Our Take: No Alphabetical Notes for Schools, But Not Good Enough for Education Bureaucrats | Our opinions

In theory, everyone is in favor of responsibility.

In practice, many elected and appointed leaders in public education want to stifle it at every opportunity.

The opportunity came in the form of COVID-19.

The Louisiana State School Board voted this year to remove grades from public schools. This requires approval from the US Department of Education, but its approval is awaited. Most states have already been allowed to do the same.

Can anyone assert that the past two years have not seen any extraordinary disruption, in schools as well as in our society in general?

And to the extent that test scores show declining student performance, there is plenty of evidence that we weren’t normal. Louisiana started off lower than most states, but we still saw a drop in test scores, both in the state-level test and in the ACT college admissions test. National scores also suffered.

We therefore do not disagree with the decision of the State Council for Primary and Secondary Education to request a federal exemption from alphabetical grades. No one else either.

With the exception of the educational institution, in the form of representatives of school boards and their delegates, school directors.

The issue was not the suspension of the alphabetical notes. But these scores are only summary judgments based on much more detailed school performance scores, central to the accountability process.

BESE and State Superintendent Cade Brumley have chosen to make their school performance scores available to districts, even though they are derived from a year of such severe business disruption as usual.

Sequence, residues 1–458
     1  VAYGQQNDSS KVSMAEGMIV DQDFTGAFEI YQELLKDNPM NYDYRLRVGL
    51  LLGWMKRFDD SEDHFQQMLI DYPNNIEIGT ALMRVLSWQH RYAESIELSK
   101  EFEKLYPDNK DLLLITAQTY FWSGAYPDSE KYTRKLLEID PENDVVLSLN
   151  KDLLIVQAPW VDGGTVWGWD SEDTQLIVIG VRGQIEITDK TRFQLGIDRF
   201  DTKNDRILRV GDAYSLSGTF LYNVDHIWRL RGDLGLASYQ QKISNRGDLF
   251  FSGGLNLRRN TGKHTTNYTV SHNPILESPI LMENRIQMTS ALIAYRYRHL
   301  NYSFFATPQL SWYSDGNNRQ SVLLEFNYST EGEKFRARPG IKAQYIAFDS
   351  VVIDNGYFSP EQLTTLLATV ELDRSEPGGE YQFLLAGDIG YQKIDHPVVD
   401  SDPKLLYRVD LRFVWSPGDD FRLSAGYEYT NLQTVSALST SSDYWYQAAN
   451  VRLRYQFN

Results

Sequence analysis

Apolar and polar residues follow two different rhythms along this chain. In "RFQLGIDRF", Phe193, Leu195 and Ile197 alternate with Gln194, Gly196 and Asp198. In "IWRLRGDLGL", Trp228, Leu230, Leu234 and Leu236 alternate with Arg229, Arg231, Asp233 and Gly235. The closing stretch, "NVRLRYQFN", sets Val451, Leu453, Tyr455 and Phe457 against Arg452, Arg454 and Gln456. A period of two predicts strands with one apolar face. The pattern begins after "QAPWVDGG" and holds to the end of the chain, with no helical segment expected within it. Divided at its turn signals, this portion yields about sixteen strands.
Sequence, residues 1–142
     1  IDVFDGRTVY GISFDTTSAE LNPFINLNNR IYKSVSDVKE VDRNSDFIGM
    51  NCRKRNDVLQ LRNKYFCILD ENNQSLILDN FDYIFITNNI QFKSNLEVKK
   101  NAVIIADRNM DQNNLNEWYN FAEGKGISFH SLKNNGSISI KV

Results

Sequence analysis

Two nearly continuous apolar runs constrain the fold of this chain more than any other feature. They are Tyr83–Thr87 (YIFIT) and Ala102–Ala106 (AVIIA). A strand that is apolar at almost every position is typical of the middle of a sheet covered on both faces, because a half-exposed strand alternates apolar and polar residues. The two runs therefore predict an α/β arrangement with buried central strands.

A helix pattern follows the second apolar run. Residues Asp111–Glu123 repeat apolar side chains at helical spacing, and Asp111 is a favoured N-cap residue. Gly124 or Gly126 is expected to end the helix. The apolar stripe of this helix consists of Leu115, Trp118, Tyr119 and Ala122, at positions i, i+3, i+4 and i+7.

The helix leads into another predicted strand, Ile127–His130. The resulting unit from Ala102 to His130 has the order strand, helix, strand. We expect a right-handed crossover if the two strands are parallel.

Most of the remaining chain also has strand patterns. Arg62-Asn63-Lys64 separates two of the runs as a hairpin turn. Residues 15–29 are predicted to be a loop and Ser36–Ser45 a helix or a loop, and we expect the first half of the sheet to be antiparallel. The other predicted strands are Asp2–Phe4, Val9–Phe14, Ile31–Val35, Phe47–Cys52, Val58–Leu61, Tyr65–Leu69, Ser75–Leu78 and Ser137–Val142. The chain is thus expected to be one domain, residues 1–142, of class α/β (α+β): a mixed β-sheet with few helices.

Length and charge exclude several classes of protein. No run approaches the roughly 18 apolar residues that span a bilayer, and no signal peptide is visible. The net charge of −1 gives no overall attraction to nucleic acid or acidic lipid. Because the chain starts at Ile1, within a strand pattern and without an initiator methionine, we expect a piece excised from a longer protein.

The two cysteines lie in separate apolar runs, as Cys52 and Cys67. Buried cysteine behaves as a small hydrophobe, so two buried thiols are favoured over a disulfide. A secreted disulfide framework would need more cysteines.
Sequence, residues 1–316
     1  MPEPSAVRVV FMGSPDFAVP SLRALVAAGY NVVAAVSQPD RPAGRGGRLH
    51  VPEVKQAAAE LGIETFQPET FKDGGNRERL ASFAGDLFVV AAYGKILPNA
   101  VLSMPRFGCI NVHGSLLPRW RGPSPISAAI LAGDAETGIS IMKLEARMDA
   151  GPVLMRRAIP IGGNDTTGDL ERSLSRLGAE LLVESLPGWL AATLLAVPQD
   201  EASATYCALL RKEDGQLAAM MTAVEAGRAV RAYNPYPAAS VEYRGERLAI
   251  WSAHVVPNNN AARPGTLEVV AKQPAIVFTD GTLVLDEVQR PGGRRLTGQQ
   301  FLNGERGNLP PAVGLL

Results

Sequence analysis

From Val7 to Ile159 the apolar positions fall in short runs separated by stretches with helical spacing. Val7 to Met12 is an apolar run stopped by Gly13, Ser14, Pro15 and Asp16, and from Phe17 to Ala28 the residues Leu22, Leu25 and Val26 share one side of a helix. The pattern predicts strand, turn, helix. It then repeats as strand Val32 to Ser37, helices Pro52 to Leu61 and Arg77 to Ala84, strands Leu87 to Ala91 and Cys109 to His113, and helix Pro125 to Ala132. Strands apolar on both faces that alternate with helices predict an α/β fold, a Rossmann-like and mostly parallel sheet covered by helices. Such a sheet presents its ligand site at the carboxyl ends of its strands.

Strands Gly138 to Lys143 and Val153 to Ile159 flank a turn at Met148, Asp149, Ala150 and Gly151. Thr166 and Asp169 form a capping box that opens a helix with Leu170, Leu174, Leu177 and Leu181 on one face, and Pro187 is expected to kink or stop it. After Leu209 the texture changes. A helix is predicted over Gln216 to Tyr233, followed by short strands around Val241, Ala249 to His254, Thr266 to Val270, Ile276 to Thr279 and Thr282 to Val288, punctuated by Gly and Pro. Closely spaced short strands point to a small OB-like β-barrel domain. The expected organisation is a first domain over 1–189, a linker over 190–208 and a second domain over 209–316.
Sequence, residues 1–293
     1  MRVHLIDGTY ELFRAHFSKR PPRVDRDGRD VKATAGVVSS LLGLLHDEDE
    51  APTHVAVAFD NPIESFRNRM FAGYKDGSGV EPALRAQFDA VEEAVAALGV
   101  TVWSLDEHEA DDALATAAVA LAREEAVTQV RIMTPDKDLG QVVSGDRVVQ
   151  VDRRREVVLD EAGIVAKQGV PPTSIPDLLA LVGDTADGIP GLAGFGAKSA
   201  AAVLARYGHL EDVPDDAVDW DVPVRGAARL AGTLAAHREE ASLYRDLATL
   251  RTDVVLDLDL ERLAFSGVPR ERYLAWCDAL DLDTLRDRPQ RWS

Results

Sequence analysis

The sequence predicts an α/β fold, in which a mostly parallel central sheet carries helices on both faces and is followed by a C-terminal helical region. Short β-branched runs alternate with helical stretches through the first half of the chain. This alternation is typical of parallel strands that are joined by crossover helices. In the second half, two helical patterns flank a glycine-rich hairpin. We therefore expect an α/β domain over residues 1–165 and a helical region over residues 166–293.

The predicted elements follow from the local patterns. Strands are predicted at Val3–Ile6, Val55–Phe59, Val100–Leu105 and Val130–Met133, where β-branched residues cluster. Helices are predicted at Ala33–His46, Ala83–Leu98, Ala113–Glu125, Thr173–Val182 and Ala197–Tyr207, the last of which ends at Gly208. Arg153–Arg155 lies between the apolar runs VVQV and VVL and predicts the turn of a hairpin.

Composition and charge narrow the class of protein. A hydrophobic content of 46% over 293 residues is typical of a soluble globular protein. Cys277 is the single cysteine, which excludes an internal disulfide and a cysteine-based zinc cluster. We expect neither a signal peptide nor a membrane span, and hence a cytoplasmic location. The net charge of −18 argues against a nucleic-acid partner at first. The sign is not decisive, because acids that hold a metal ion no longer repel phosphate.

Brumley pointed out that the data would be advisory, without an alphabetical grade, and lacking the weight that grades typically do. There will be no penalties generally resulting from poor academic performance in schools rated D and F.

An elected member of BESE, Holly Boffy of Lafayette, supported the delivery of data to the systems. After all, she noted, schools that performed really well during these years of disruption should get at least informal credit for it.

You would have thought Boffy had suggested bringing back corporal punishment for local superintendents and school board members.

Janet Pope, executive director of the Louisiana School Boards Association, questioned the value of the scores and said they could disrupt school districts’ efforts to recover from the pandemic and multiple hurricanes.

Is more data bad?

Michael Faulk, executive director of the Louisiana Association of School Superintendents, said that while school performance scores are meant to be advisory, they will be unofficially linked to letter grades and could be misused.

Badly used ? How? ‘Or’ What?

We do not know of anyone in public education professionally, or interested in it as a citizen and taxpayer, who will not bow to the reality of the pandemic. Some of the data from which the school performance scores are derived will be incomplete.

This is why BESE and Brumley are wise to seek the federal waiver on the consequences of letter grades.

The discussion of school performance scores was a case of superintendents and local school board members re-aiming at anything that looks like a measure of success – or failure – in public education.

We remind participants in the discussion that “public” means something in public education. It is that taxpayers are investing in schools and in the academic future of the next generation.

Denying data on school performance to taxpayers is a mistake. But even when superintendents and local school boards won the argument over letter grades, they couldn’t help but want to attack the data on which the blame is based.

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